Friday, January 21, 2011



Garvin (2005) criticized Senge's (1994) approach to the development of learning organizations in that it did not provide a framework for action. Garvin appeared to have missed Singe's point. In the original work, Senge's mission included establishing cultural assumptions to embrace, not promoting specific structural processes to employ. One must arguably recruit and convince disciples before the true development of those disciples may begin. Senge, along with some other researchers, later provided a "field book" (1994) that offered more specific directions on the structures of learning organizations. Senge appears to have understood that the questions to which Garvin needed answers (e.g., How will managers know when their companies have become learning organizations? What concrete changes in behavior are required? What policies and programs must be in place? How do you get from here to there?) would find their best answers from the ones creating and shaping programs to meet specific, local needs. Conclusion: real problems probably do not result so much from structure or implementation issues  as they reside with vision and commitment issues.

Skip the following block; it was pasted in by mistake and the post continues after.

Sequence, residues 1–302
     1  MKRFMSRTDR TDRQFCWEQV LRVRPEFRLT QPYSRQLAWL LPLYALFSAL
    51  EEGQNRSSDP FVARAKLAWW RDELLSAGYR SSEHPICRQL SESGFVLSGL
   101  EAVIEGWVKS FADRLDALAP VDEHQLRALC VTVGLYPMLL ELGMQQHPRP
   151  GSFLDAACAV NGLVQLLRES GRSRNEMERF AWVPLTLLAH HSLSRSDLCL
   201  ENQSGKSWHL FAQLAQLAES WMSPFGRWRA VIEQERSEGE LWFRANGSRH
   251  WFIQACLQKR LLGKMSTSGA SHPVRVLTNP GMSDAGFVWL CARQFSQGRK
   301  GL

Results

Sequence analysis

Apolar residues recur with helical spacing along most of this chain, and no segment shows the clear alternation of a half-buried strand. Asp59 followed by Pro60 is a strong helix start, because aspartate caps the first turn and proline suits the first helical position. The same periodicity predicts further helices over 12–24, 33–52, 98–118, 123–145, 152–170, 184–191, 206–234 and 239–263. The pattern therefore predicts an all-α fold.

References

Garvin, D. A. (2005). Building a learning organization. In W. L. French, C. H. Bell, Jr., & R. A. Zawacki (eds.), Organization development and transformation: Managing effective change (6th ed., pp. 274-287). Boston: McGraw-Hill Irwin.

Senge, P. M. (1994). The fifth discipline: The art and practice of the learning organization. New York: Currency Doubleday.

Senge, P. M., et. al. (1994). The fifth discipline fieldbook: Strategies and tools for building a learning organization. New York: Currency Doubleday.

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